We will never know if it's possible to break the Speed of Light barrier until enough research has gone into this field.

However, I am a firm believer in using Electronic Propulsion like Ion Drives which has been tested, however more research into this area to increase efficiency and decrease costs still needs to be done.

For all we know, a rare resource not discovered by man might be the missing link to achieve economical interstellar space flight, and it might not even be present in our current solar system.

Space is of endless possibilities, and we have yet to even begin to scratch it's surface to see the actual available possibility's and benefits.

I now have urges to play Freelancer again. :( Pity there isn't a sequel.

RE: Great!!
By ayat101 on 8/24/2009 6:14:58 AM , Rating: 2
... all the more reasons to colonise the Milky Way Galaxy even if you have to do it at sublight.

You would get the explore ALL THAT SPACE to search for technological advancement.

In circa 5 million years or so, you would have humans, or the variations into they would evolve over this time, on billions upon billions of planets. Each of them would be working on new technologies. The first one that works out faster than light travel wins, and spreads it around.

If FTL turns out to be impossible, there are other technological advancements that can be shared around.

Personally I have a suspicion that FTL is not possible, and that ultimately we may need to turn to creating new universes from scratch to escape into.

We have enough technology now to start colonising the Solar System. When the Solar system is colonised, we will have the knowledge and resources to start building interstellar space ships... even if they have to move at sublight.

In the time it took humans to split from chimps, people could be settled around just about every star in this Galaxy.

RE: Great!!
By menace on 8/24/2009 2:41:59 PM , Rating: 2
The context of my statements were on the order of the next hundred years. Who can say what the state of human affairs, much less technology, will be in the next million years or so. It's nice to be optimistic but if you look at history there is bound to be a collapse of civilization at some point that will negate some tech advances (more likely numerous cycles of collapse and renewal). That assuming we don't get wiped out by a dinosaur killer or some man made holocaust first.

Technology doesn't always move forward. Just look at the Concorde, 70's era technology that we have failed to improve upon and proven to be economically impractical in the long stretch. Same thing with visiting the moon, we've no need to go back there until we find an economically viable reason to go back. Likewise for Mars. Sure if we pump a couple hundred billion into it we may be able to send a few men there. But what more are they going to learn that you couldn't learn by spending just a few billion dollars on some robotic probes.

"We have enough technology now to start colonising the Solar System." Perhaps, perhaps not. But possibility is not a compelling reason to do it. You have to have an economic case as a motive otherwise it is just a massive waste of resources. I don't want to hear any of this "look at all this wonderful tech we have due to the moon program". At most IMO it helped to advance tech progress a couple of years - do you really think velcro would never have been invented anyway?

RE: Great!!
By ayat101 on 8/25/2009 12:16:11 AM , Rating: 2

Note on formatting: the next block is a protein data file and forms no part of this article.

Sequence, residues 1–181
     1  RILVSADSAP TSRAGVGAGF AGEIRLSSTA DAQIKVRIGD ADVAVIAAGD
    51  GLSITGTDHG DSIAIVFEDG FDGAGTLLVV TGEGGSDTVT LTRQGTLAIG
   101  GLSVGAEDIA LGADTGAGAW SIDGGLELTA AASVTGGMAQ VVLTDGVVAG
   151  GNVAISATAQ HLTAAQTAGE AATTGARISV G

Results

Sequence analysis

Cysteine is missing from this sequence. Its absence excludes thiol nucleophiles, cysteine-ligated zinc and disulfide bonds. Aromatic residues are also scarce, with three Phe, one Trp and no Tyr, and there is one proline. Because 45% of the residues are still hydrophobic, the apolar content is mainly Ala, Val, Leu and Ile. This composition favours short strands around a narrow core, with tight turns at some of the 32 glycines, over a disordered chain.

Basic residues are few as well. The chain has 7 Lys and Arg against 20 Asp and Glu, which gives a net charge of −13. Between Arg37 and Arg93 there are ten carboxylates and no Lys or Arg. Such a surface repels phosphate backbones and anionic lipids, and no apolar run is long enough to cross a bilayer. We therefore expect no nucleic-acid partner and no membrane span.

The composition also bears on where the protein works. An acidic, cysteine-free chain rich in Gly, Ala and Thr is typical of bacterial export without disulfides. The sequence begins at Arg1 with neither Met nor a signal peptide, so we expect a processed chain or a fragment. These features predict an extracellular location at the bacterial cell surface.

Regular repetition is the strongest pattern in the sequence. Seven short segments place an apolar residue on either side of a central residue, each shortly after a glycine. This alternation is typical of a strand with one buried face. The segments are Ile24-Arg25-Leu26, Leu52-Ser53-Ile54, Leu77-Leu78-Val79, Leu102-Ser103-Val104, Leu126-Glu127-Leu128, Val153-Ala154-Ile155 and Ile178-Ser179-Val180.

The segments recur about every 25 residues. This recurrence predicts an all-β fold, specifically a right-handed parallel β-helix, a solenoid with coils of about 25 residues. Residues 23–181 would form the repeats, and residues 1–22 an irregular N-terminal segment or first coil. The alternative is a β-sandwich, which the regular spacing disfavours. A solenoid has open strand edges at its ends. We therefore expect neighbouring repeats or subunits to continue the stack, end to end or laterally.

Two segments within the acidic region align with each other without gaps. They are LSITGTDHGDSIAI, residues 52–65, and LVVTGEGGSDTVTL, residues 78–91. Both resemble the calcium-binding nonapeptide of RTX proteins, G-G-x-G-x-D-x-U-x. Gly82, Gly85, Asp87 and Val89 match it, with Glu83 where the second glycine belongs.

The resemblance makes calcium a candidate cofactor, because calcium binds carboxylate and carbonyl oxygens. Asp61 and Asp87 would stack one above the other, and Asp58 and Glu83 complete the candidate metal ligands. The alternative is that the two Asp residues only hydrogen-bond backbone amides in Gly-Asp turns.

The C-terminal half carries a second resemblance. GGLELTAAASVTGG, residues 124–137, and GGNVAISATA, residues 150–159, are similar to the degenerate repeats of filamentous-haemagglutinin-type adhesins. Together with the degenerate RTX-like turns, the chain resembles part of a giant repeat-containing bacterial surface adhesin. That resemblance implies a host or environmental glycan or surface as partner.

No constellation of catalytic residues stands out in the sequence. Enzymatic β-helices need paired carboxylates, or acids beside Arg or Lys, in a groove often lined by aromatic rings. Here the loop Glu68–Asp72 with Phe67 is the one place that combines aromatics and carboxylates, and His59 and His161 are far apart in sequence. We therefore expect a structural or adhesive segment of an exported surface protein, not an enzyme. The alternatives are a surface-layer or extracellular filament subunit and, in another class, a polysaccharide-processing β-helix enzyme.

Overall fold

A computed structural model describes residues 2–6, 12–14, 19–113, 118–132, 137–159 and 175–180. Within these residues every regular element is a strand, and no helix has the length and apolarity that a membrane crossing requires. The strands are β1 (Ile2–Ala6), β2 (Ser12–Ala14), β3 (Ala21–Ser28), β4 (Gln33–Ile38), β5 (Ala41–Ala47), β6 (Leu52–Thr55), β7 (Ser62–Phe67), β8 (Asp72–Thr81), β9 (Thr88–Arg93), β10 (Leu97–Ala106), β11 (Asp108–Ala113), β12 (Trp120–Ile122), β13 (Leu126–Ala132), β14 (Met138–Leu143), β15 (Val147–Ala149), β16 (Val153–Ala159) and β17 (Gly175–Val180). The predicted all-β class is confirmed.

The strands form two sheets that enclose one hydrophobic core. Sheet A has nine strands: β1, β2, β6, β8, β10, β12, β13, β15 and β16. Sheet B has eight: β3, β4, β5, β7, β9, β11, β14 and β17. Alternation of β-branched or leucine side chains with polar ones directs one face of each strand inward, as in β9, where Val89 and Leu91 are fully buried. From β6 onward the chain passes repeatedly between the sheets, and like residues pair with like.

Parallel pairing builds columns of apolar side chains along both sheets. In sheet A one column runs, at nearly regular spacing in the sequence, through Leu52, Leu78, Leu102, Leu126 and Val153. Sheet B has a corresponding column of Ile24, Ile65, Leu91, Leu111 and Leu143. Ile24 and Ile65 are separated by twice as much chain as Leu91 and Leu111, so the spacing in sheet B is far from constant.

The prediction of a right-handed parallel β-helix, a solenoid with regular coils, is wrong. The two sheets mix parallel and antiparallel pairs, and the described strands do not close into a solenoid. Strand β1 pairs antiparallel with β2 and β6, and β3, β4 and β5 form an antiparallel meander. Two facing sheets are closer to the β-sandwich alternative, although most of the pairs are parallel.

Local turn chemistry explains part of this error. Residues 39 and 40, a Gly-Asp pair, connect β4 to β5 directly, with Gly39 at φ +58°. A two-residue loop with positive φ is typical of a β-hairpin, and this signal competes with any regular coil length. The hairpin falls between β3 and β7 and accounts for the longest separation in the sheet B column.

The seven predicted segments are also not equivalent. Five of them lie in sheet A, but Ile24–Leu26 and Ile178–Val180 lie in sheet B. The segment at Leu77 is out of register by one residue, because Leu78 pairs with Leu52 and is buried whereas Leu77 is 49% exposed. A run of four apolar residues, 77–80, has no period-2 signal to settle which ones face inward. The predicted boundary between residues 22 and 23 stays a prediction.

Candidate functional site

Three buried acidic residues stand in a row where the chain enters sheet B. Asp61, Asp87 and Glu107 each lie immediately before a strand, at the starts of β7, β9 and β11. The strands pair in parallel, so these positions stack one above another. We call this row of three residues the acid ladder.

Over the next hundred years the best we can do is settle on the Moon. We do not have the resources for anything else - I am talking about the whole world here.

Colonising the Solar System will in my mind take on the order of a few thousand years. After that, there will not be a high danger of us getting wiped out. Plus technology may not always advance quickly, but it does not move back, sometimes it just stays stagnant.

Short of some amazing new technology making space travel easy, there is NO economic case for space colonisation. Period. Combine this with the expense, and we may as well NEVER do it.

Settling the Solar System should be done in terms of spreading out the human race. Coupled with the above economical/resource constraints, you have to start small and proceed slowly. Moon first. Solar system next.

Once the Solar System is settled, we will have enough resources overall to build an interstellar ship... the resources of a whole system is what is required in my mind. The difficulties of interstellar travel without some sort of a "warp drive" are just mind boggling. For one, at sublight, we probably need to learn how to make antimatter and develop it as fuel, as otherwise even fusion does not provide enough energy per unit mass to offset the relativistic mass increase at high speeds... once your speed increases your mass by the mass turned to energy in your fuel, you can not move faster.

RE: Great!!
By HotFoot on 8/24/2009 8:28:32 AM , Rating: 2
I think NASA would probably accomplish more for less if it were canned altogether and restarted with all new people. Bang for the buck goes steadily downhill after decades of bureaucratic entrenchment.

I'd like to see continued work in manned spaceflight - maybe a scaled down space station next time, though - keep it NASA (and maybe CSA) but leave Europe/Russia etc out of it. But really, coming from a background in UAVs, seeing the untapped potential the sky is beginning to offer once pilots are out of the equation - both on commercial and military grounds - I just have to think that moving increasingly towards robotics in space would be a good thing.

Why not go back to the moon by 2015, but send robots. See just how far you can get with moon base construction, mineral extraction, etc. etc. by remote control or semi-autonomous robotics? That would be a major technical challenge and well worth the effort. Have something there for astronauts to go to when you do go back.